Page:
The suffering of intelligence

I remember an old friend of mine, one of those a little on the good side, few thoughts on his mind and a lot of good humor, to whom I kindly said, between the serious and the facetious, “lucky you that you don’t understand a c … zo”. It was my rather rude way of narrowing down what I thought of him in one sentence: a person who took life very lightly, never asking too many questions or too many problems. A perfect mind in his way of him that, precisely by virtue of his naive nature, would never have encountered distorting phenomena such as anxiety or depression. And so it was.
What I didn’t know is that what I had summed up in a sentence that, at a certain point had become more of a mockery than anything else, had a solid scientific basis. In fact, it seems that people with the highest IQ are those most prone to experiencing mood disorders during their life. This is a result of a survey by the University of California which found that, on a large sample, mood disorders have a 25% higher incidence on people with high IQ (above 132).


In short, my intuition was correct.
But why are the people with the greatest intellect who, absurdly, should also be able to read life in the most correct way, actually those most likely to get sick with anxiety and depression? The response that psychiatrists and psychologists give is linked to their greater sensitivity and to the oversized responses they give to events. In other words, those who are smarter on the one hand pay much more attention to what is happening around them than the others, and on the other they think about it much more, with a strong dose of thoughts and elaborations that can lead to obsession. From there then arise the aforementioned phenomena of anxiety and depression.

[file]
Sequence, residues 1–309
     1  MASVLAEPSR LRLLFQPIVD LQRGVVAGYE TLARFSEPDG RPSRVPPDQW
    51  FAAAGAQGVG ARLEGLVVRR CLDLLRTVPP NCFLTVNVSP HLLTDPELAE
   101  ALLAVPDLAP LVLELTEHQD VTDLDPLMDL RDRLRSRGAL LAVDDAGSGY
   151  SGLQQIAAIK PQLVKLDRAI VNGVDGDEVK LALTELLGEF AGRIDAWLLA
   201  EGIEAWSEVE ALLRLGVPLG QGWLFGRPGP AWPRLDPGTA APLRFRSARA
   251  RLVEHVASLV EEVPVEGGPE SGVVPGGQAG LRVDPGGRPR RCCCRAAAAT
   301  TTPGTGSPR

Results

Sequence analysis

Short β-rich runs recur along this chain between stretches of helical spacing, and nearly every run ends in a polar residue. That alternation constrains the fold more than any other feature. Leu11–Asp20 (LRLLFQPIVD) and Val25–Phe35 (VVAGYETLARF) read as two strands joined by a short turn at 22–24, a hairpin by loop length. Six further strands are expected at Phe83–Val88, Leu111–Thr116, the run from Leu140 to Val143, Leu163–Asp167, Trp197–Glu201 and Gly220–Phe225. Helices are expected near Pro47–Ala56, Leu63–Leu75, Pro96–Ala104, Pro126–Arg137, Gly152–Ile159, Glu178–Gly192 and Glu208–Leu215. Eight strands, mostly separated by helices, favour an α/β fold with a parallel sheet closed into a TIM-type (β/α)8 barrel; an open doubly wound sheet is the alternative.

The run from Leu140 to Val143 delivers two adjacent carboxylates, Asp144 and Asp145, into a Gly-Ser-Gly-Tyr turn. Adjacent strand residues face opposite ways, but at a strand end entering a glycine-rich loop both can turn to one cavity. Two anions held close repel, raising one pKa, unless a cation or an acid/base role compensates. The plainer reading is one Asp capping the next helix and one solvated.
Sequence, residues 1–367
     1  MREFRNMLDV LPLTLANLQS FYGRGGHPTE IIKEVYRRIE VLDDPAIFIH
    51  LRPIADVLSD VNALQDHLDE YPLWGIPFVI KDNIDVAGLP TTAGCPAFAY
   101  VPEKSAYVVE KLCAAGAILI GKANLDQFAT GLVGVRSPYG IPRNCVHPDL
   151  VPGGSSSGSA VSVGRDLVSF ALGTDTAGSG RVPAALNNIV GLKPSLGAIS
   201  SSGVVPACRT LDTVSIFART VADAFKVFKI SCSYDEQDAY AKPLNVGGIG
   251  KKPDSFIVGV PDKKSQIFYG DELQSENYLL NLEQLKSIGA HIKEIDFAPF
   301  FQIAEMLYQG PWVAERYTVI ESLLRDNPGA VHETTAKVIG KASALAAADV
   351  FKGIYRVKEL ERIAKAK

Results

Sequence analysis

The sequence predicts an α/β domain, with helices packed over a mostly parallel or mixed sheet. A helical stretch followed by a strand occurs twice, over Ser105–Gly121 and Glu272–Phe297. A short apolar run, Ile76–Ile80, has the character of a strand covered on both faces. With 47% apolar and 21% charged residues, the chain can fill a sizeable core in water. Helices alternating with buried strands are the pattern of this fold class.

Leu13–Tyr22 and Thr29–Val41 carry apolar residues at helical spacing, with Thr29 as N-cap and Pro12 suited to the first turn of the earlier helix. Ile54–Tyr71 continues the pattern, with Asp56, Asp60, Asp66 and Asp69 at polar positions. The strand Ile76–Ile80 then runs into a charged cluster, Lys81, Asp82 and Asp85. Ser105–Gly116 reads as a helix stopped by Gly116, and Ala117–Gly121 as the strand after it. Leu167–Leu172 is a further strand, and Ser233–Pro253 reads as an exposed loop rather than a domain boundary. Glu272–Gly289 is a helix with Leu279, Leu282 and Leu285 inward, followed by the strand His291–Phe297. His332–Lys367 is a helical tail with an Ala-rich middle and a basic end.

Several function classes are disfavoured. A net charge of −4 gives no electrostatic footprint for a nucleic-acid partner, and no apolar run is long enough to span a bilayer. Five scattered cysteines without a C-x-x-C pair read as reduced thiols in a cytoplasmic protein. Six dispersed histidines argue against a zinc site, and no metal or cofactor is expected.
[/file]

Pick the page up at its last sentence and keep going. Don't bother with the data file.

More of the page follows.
Intelligence can therefore be a double-edged sword especially when we are unable to channel it into useful creative or productive activities. When this does not happen, what happens is that we end up using it for mental loops in which there is a well-defined beginning but the end is never found, because a thought is never completely closed and another ten are generated from it.
To take advantage of one’s intelligence (who has it), without becoming slaves to it and without risking it backfiring, meditation can be very useful. In fact, through the meditative exercise the individual learns to focus on the present time by understanding a fundamental point that is that we are not our thoughts. We have therefore believed that we were the total architects of what our mind generates, but this is not the case. Some thoughts are created and manipulated by us, but others, many (especially those related to fears) develop in our mind in a completely spontaneous way, and the only way to ensure that they do not become a source of psychological suffering is to learn to deviate. from them, recognize them, accept and understand that they exist, but without clinging to them. When we learn to “watch” our thoughts, without clinging to them like an incapable jockey clings to an out of control horse, when we can do this, we discover how those thoughts, those fears that crowded our mind up to a second before, at some point they go away on their own. They disappear.


It sounds like an easy exercise but it’s not. It takes practice. And the smart ones find it harder to achieve tangible results because, by nature, they would be inclined to over-process those thoughts. They don’t know how to let it go. The intelligent lives on thought, it feeds on it, but it is a sometimes toxic nourishment to which we must learn to give the right importance because, like all double-edged blades, thoughts can be useful for understanding today’s world and creating that of tomorrow, but they can also hurt us when they control us, and not us who control them. Sneaky.